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Home Office urged to speed up forces funding review

Political leaders have urged the Home Office to get on with reforming how forces are funded.

Police and Crime Commissioners have been told that a new technical body is due to begin work on agreeing a new way of funding forces.

This will include analysis of a consultation with local government and Police and Crime Commissioners which closed this month.

But the Home Office has already warned the new system could be at least two years away from implementation.

Suffolk’s PCC, Tim Passmore, has been a persistent critic of the current system and spent years lobbying for the funding arrangements to be replaced.

He told Police Oracle: “I am pleased to hear the government has set a timetable for the review of police funding, although we have not been informed of the detail at this stage.”

Critics across policing and local government – which has to include the police precept in council tax bills – say changes in population and crime demands are not reflected in the annual Home Office grants.

Some forces are getting less than they need to meet new pressures.

Mr Passmore said: “I have made no secret of the fact that I find the current system extremely unfair and have pledged to fight for fairer funding. 

"Suffolk Constabulary polices the ninth largest county area in England, and while the population is small compared to some policing areas, the rurality of the area and sparsity of the population, present challenges for policing visibility and emergency response, and it is crucially important this is considered in the new funding formula.”

The government’s discussions are part of wider reviews of how funding for local services is raised and allocated.

Local authorities and education grants are also being re-assessed by Whitehall departments. Those reviews have also raised further problems.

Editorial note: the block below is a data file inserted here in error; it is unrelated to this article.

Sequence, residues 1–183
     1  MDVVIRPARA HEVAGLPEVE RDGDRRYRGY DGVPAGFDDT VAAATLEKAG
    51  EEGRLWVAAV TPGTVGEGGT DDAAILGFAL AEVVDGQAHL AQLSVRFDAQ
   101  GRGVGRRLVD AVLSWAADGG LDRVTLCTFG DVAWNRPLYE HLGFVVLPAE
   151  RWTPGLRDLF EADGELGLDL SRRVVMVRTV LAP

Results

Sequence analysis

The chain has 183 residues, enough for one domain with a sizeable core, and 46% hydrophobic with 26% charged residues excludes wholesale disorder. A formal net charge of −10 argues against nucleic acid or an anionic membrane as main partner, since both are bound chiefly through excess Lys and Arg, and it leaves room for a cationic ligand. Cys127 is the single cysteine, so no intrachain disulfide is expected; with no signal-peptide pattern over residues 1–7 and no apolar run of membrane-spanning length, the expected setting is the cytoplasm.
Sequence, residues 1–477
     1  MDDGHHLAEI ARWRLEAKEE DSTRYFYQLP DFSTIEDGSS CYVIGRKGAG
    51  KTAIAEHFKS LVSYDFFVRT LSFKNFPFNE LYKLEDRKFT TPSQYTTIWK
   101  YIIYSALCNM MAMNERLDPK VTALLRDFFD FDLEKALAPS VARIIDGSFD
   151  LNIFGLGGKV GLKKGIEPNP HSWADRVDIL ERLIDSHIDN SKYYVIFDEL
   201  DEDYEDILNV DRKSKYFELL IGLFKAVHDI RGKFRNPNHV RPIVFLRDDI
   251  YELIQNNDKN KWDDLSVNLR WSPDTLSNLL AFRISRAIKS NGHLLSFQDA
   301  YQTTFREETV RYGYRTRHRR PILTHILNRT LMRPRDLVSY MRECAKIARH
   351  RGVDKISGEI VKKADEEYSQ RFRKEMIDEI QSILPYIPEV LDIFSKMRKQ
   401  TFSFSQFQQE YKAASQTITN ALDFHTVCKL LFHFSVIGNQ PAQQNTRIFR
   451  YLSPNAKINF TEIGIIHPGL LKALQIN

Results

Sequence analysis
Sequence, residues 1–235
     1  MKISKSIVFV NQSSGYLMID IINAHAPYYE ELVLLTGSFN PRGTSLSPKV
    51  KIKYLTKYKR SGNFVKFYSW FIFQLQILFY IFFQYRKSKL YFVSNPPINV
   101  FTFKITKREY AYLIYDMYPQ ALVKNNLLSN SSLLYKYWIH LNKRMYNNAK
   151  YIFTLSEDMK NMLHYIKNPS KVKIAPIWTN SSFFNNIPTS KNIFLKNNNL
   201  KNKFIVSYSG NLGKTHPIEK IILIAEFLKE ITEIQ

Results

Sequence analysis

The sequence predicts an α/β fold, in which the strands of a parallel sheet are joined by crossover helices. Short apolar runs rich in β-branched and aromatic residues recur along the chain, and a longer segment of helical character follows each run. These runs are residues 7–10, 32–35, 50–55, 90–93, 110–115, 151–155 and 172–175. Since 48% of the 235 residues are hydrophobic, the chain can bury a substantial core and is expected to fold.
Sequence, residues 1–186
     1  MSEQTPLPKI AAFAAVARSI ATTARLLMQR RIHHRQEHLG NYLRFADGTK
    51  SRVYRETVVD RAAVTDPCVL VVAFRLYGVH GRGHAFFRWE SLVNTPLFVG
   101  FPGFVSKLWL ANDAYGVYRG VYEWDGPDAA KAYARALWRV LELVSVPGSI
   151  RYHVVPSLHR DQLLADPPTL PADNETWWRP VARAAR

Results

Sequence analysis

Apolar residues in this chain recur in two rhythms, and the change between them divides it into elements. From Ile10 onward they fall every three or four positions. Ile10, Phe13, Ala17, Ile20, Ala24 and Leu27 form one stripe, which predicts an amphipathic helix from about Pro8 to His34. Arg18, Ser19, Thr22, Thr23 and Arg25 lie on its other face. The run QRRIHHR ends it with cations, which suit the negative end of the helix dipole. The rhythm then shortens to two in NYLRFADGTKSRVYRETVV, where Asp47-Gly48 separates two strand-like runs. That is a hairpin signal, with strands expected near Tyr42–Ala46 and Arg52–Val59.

Local government minister Kemi Badenoch told local government finance chiefs earlier this month the government wanted to ensure the unique circumstances of local areas “are fully understood”.

She said: “We’re not treating you as a homogenous block – that would be ridiculous.”

The other problem is that the funding formulas for both councils and police forces are calculated using information that in some cases is decades-old.

“We want to ensure that funding allocations are based on an up-to-date assessment of needs and resources,” said Kemi Badenoch.

“One challenge is that the data used to make this assessment has not been updated in several years – a lot of it is coming from 2013/14, nearly 10 years ago, and some even as far back as the turn of the millennium.”

Although the Home Office has accepted the problems, it isn’t hurrying to fix them.

Policing Minister Kit Malthouse told the Commons: "We are committed to coming up with a new funding formula for policing. The formula we use at the moment is a little bit elderly, a bit creaky. We hope to be able to run formula before the next election."

Tim Passmore agreed the current process was no longer fit for purpose: “The funding settlement should properly consider equity between forces and reflect the pressures on forces and I will be ready to make our case for Suffolk.”

The next general election will be too late for forces and councils setting budgets for the 2022-23 financial year.

Responding to Mr Malthouse, Bedfordshire's Police and Crime Commissioner, Festus Akinbusoye, said the current system of topping up grants with single-year funding bids was no longer adequate.

Forces needed urgent help with a reality that includes County Lines and online offending.

He added: "We cannot police on the cheap, I think one of the errors that was made in the past was to think that you can keep chipping away at policing, frontline policing and expect crime to go down. It doesn’t work like that.”

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